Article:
More than 4000 years ago, the Indus Valley Civilisation thrived, spanning from Indus River Valley of modern-day Pakistan to northwestern India. Characterised by sophisticated cities with mod cons such as advanced sewage system, blooming local economy and intercultural trade, people of this Harappan culture, by around 1800 BCE moved from the cities to the smaller villages in and around the Himalayan foothills.
A recent study published in Climate of the Past has revealed that climate change was the key player in this migration, leading to the eventual decline of the ancient civilisation. The study conducted in the Woods Hole Oceanographic Institution (WHOI) found evidence that climate change drove the Harappans away from the cities leading them to the villages, a stage which is known as the Late Harappan Phase.
First, the summer monsoon rains became sparse in the floodplains of Harappa that forced the people to migrate from the cities towards villages near the Himalayas where rains were plenty to feed the population. But eventually, rains near the Himalayas also dried up that probably contributed to the ultimate demise of the Harappans.
Also Read: What the DNA of a 4500 year-old Skeleton from Rakhigarhi has to say about Ancient India
However, around 2500 BCE, a shift in weather patterns and temperatures over the Indus valley caused summer monsoons to gradually decline. With the changes in the climate, agriculture near the Harappan cities became difficult or impossible —according to Liviu Giosan, the lead author of the paper.
“Although fickle summer monsoons made agriculture difficult along the Indus, up in the foothills, moisture and rain would come more regularly. As winter storms from the Mediterranean hit the Himalayas, they created rain on the Pakistan side, and fed little streams there. Compared to the floods from monsoons that the Harappans were used to seeing in the Indus, it would have been relatively little water, but at least it would have been reliable”—explains Giosan in the study.
However, to locate the evidence that could relate the changing pattern of seasonal rainfall and the switching of Harappans from the floodplains of Indus valley to near the Himalayas in soil samples had proved to be a difficult task. To resolve the issue, Giosan’s team took sediments from the ocean floor off Pakistan’s coast. They collected samples from several sites in the Arabian Sea. Following the collection of the core samples, the team examined the single-celled shells called foraminifera, the plankton which they found in the sediments. The planktons helped them understand which ones survived in summer and which ones in winter.
Their next step was to focus on paleo-DNA, the ancient genetic material hidden in the sediments. “The seafloor near the mouth of the Indus is a very low oxygen environment, so whatever grows and dies in the water is very well preserved in the sediment. You can basically get fragments of DNA of nearly anything that lived there” —Giosan comments regarding the ancient DNA samples collected from the sediments.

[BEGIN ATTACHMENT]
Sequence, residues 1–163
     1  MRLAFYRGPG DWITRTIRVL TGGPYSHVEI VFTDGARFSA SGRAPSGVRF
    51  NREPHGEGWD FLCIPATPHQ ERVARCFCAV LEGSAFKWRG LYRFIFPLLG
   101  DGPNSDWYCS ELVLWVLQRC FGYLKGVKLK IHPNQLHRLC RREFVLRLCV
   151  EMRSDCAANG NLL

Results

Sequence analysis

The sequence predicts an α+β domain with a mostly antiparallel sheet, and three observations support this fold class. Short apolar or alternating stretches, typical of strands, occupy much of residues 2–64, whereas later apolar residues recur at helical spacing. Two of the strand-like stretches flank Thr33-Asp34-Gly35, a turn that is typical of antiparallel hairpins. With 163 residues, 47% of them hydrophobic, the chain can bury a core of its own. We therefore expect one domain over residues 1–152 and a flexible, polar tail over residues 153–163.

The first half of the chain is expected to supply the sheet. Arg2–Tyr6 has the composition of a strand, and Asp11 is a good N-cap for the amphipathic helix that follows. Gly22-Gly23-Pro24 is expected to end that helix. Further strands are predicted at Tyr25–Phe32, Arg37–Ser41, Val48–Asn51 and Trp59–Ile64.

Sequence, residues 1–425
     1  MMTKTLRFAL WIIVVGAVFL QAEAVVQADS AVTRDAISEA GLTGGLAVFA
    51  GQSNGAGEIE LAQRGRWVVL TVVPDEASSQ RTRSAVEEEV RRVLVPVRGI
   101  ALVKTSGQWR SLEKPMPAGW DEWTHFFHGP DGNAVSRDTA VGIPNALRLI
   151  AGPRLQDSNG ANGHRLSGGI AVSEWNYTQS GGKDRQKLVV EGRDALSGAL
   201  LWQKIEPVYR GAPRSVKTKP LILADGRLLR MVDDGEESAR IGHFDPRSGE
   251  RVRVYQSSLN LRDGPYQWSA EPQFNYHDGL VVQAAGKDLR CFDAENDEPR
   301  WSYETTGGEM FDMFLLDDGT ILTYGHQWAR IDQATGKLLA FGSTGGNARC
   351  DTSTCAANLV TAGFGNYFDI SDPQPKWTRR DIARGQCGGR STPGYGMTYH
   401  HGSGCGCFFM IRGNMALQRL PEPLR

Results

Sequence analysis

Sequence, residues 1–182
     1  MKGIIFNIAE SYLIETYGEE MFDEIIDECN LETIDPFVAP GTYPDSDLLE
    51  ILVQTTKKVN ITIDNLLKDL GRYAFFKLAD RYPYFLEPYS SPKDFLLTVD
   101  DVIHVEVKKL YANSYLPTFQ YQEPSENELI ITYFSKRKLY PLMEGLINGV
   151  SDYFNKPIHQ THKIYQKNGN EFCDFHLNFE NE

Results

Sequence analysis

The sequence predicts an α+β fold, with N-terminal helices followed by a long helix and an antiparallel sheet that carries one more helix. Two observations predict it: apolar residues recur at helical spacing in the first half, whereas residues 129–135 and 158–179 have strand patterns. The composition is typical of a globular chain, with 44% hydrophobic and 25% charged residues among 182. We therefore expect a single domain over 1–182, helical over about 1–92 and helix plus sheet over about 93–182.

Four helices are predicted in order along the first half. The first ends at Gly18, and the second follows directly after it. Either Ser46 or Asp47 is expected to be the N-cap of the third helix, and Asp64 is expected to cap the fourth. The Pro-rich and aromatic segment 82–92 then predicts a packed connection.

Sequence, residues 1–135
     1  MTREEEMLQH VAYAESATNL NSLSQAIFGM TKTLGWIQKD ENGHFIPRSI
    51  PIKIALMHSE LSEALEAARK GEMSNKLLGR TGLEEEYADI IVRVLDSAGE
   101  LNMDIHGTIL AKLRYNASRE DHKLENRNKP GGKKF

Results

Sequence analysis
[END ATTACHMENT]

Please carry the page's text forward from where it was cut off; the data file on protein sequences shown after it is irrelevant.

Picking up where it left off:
The paleo-DNA based evidence confirmed that winter monsoons were stronger and summer monsoons weaker towards late Indus valley civilisation—which corresponds to the migration from cities to villages.
The rains in the Himalayan foothills were sufficient to feed the population over a millennium, but even that dried up leading to the ultimate demise of the culture.
Reason For The Climate Change
The changes in the climatic conditions that the Harappans faced were not like what we are witnessing today i.e. man-made global warming. That period was going through a transition—a new ice age was settling in—Giosan notes. This climatic phenomenon forced colder air down from the arctic into the Atlantic and northern Europe. This, in turn, caused storms down the Mediterranean causing winter monsoons over the Indus valley and apparent dry summers.
Indus valley civilisation, as Giosan says, may have other factors for its decline—“We can’t say that they disappeared entirely due to climate- at the same time the Indo-Aryan culture was arriving in the region with Iron Age tools and horses and carts. But it’s likely that the winter monsoon played a role.”
Climate Change and Future Migration
Climate change has forced many other migrations, and it can have a more powerful impact in the future. Giosan concludes with a warning for the future—“It’s remarkable and there’s a powerful lesson for today. If you look at Syria and Africa, the migration out of these areas has some roots in climate change. This is just the beginning—sea levels rising due to climate change can lead to huge migrations from low lying regions like Bangladesh, or from hurricane-prone regions in the southern US. Back then, the Harappans could cope with change by moving, but today, you’ll run into all sorts of borders. Political and social convulsions can then follow.”